n African Entomology - Impact of land-use on butterflies in southwestern Burkina Faso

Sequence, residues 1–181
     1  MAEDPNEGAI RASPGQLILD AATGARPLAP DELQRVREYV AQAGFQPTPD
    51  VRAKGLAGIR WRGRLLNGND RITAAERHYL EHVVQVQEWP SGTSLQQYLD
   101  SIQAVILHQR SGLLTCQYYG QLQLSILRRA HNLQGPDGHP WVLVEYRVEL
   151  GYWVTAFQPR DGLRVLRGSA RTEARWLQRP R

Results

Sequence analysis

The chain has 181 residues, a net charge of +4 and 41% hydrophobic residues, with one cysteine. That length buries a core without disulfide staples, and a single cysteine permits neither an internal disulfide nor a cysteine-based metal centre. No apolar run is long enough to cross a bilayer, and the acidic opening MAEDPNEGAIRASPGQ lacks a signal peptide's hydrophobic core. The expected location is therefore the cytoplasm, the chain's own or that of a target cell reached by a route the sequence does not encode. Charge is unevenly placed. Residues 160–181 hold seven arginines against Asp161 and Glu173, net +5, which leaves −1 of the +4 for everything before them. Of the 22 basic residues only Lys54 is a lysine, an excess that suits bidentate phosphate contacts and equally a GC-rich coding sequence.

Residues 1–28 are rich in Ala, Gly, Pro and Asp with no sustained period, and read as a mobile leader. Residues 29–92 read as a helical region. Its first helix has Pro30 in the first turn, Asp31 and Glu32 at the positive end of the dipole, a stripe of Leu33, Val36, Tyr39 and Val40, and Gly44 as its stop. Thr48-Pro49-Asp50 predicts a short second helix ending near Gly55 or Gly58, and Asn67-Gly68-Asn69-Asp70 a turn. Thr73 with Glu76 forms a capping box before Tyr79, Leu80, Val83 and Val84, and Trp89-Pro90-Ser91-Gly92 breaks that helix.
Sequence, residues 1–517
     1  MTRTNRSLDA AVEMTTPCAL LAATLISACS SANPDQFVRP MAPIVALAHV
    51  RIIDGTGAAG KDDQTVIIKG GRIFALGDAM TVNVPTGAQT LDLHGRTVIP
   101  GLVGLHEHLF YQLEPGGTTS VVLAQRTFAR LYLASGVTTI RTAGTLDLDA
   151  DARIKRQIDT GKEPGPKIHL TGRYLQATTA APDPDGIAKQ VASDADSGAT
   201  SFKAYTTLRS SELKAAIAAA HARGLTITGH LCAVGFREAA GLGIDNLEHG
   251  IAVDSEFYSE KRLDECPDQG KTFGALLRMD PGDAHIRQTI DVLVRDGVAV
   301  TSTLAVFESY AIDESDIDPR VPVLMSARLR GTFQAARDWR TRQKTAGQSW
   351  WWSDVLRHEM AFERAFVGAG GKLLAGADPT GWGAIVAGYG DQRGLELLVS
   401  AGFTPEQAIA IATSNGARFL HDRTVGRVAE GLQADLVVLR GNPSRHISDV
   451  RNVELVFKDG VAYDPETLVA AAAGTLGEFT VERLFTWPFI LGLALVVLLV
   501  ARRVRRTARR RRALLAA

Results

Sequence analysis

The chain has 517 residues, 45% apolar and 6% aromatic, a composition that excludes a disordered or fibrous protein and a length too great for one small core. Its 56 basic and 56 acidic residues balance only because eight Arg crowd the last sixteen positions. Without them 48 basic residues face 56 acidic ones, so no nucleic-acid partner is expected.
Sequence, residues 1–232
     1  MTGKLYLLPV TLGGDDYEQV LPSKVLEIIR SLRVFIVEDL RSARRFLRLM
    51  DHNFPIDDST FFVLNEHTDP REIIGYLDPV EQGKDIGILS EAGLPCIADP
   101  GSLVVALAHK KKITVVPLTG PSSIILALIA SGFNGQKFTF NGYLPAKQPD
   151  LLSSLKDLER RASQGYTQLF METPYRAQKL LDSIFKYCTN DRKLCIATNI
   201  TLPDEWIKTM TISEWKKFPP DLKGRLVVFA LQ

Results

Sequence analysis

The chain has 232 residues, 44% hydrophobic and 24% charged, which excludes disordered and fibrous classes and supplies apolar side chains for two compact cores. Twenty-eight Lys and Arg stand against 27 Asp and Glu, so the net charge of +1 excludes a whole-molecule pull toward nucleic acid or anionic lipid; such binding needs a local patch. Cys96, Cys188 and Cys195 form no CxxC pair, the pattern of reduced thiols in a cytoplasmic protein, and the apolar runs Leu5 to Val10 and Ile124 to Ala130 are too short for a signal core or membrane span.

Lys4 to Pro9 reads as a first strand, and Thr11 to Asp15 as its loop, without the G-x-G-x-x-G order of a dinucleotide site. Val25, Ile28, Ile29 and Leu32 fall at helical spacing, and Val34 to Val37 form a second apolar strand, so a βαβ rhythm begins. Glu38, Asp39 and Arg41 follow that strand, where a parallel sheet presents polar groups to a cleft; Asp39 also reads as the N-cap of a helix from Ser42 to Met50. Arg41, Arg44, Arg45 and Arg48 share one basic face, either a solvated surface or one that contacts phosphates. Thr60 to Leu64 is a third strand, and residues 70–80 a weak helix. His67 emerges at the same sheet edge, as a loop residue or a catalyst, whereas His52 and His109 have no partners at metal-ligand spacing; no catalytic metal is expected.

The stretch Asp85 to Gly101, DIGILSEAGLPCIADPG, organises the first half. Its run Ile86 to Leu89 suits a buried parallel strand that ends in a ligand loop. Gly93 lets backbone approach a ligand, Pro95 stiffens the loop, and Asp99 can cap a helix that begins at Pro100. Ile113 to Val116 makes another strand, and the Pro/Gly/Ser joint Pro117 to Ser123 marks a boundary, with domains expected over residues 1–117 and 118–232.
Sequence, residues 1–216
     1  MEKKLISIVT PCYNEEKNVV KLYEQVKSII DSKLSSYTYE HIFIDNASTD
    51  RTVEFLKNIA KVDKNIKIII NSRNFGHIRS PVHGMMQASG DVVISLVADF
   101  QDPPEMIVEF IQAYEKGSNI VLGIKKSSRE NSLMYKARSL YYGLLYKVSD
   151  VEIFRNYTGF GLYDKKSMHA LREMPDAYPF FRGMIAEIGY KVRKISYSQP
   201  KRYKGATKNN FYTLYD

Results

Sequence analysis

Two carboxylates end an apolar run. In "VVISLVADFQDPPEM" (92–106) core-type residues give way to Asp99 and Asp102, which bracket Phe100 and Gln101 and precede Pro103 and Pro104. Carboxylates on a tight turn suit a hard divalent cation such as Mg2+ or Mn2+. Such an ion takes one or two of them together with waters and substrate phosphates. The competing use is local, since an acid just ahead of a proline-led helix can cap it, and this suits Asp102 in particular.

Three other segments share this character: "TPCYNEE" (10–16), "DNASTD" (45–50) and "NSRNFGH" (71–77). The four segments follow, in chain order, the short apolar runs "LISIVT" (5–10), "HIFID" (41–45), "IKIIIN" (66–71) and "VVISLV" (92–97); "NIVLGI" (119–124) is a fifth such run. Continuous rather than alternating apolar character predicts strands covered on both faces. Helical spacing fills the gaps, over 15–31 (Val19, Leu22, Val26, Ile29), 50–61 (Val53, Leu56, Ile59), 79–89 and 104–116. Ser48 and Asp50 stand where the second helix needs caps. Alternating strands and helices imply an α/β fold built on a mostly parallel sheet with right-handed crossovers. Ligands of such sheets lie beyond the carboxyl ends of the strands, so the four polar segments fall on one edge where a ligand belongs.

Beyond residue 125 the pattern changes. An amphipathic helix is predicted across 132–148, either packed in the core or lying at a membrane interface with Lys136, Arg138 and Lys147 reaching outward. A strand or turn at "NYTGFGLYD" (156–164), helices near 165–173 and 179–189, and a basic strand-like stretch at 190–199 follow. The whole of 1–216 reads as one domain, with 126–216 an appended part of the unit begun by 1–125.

The butterfly fauna on cultivated, fallow and grazed land in southwestern Burkina Faso was compared using a transect method. Butterflies were sampled using visual, hand and trap net methods. Although more butterfly species were recorded in the cultivated lands, there were no statistical differences in the average number of species per transect among the different intensities of agricultural use. By contrast, abundance was highest in the cultivated fields with many common and widely distributed species. The abundance of species was more evenly distributed in the old fallow than in the other land-use types. Butterfly taxa differed in their response to land-use; some of these differences could be associated with a change in the flora. The sap-sucking nymphalids, in particular the , were influenced by differences in land-use. There was a positive relationship between nymphalid abundance and woody canopy cover and between nymphalid and woody plant species numbers. Grazing intensity had little effect on the fauna.


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